A three-session program joining the Cleveland Police Department and the local community to promote mutual understanding, improve communications and support community policing efforts.
In its second session of a partnership with the Cleveland Police Department and the community, Reflection Point brought members of the police department the Cleveland community together to read and discuss Man Booker Prize winner Chinua Achebe’s story “Dead Men’s Path.” Published in 1953, the story follows Michael Obi, an eager young headmaster who is tasked with reforming a school in a Nigerian village. After a village elder pleads with Obito re-open an ancestral path through campus that Obi has closed, the villagers retaliate before Obi’s supervisor visits the school for evaluation.
In a 90-minute session centered on Achebe’s short story, participants engaged in a lively and wide-ranging
discussion around diverse ideas, including:
-The cultural tension between young and old and how to bridge the gap
-The human tendency to single-mindedly pursue a vision without considering others
-The misguided inclination to equate proximity with inclusion
-The role of compromise both in preserving tradition and progressing into the future
-The power of ego in our decision-making
-The importance of listening as an antidote to inflexibility
Program Outcomes and Participant Reflections
In one-on-one interviews, participants told us that Reflection Point:
Created a valuable opportunity to respectfully explore and share diverse viewpoints.
“This type of forum creates an open and relaxed setting that allows members of the community and law enforcement to discuss current issues without judgment. It is my belief that openly communicating is essential to conflict resolution.”
“It was an opportunity to leave behind something of yourself and take something from others.”
“The story allowed discussion of sensitive issues that other formats would not foster or would devolve into contention.”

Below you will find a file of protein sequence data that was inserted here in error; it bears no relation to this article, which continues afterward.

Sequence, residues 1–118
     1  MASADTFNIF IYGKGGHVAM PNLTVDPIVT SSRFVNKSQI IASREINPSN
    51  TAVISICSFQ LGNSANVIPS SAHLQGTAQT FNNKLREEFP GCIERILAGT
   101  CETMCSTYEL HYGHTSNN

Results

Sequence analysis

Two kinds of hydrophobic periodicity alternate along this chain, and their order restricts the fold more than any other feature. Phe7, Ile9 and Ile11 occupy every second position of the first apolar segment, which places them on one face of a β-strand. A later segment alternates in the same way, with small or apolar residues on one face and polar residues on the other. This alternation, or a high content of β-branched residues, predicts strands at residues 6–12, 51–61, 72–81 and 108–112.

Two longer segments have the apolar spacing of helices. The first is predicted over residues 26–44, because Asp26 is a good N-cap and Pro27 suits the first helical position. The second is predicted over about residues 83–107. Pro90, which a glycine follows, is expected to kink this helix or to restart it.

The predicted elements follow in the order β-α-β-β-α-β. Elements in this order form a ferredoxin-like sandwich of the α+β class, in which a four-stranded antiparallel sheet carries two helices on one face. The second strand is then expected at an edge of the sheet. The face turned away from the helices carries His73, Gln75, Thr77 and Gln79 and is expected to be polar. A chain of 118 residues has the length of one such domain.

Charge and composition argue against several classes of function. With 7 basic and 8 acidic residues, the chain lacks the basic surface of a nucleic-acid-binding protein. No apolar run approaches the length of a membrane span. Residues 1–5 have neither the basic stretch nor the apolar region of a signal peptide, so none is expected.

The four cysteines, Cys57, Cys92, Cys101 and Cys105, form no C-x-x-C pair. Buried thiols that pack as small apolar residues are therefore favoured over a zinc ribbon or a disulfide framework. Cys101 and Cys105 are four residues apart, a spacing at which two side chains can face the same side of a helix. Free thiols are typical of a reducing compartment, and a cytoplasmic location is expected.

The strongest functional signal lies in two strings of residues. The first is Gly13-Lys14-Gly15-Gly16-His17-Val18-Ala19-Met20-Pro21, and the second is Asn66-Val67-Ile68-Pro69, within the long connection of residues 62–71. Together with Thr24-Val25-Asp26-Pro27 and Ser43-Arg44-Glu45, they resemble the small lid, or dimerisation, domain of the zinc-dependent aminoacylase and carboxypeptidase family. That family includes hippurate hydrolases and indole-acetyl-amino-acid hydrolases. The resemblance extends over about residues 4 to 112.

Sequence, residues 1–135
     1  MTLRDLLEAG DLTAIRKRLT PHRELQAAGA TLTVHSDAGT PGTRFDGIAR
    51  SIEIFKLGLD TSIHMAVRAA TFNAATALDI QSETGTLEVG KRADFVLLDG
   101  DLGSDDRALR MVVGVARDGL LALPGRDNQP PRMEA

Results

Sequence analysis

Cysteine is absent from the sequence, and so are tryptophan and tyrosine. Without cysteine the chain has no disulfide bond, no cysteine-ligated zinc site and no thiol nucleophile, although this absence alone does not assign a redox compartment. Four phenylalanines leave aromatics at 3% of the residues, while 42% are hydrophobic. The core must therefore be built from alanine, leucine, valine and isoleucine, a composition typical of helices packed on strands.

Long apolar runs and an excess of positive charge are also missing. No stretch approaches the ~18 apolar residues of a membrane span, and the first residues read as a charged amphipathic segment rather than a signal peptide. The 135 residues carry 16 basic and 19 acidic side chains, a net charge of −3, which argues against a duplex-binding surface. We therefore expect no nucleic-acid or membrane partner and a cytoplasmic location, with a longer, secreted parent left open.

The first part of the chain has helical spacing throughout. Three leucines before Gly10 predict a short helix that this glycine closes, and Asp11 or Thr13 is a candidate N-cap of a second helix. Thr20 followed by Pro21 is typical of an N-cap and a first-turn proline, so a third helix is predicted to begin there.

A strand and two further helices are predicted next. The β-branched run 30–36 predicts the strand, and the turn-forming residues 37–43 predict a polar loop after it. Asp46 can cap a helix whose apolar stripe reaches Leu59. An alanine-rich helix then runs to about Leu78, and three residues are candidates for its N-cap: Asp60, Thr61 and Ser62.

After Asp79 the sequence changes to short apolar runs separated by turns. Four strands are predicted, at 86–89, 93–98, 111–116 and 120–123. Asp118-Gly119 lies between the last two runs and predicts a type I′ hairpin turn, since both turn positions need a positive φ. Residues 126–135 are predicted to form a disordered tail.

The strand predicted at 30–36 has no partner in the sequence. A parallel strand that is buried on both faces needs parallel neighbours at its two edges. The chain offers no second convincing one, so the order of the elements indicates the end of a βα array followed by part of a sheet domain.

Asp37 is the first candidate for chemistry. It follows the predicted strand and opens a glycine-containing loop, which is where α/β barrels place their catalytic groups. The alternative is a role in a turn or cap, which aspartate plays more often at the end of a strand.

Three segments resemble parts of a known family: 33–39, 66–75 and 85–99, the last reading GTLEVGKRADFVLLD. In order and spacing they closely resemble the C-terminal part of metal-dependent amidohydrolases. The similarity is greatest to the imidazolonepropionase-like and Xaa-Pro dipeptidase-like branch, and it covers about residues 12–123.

Promoted mutual understanding.
“These sessions provided the group the opportunity to discuss the challenges that exist between the community and the police without specifically isolating one group or the other.”
“The experience was thoughtful and humbling. I think if everyone participated in reading stories and reflective, thoughtful discussions, many issues could be resolved.”
“I was surprised by how the discussion was so open, even among strangers, and how all people can come to similar realizations about themselves in different ways—and how much I learned from it.”
Presented an important learning opportunity.
“I learned so many new ways of thinking about people’s experiences and perspectives—the importance of listening, understanding, compromise—and realizing that we’re all humans with good intentions.”
“After further thinking after the session, I came to the conclusion that in leadership, everything is not always black and white. Often we have to humble ourselves to make a difference with change.”
“I wish all police departments and communities were having these discussions. . . there is a lot of fear and mistrust from the community, and it seems that the police sometimes operate under the emotion of fear as well. If bridges and trust were built, then we could collectively work together to meet our shared goal— living in a safe community.”
“We all have something to learn from someone else. Whether we agree or disagree, at least we listen and are being heard.”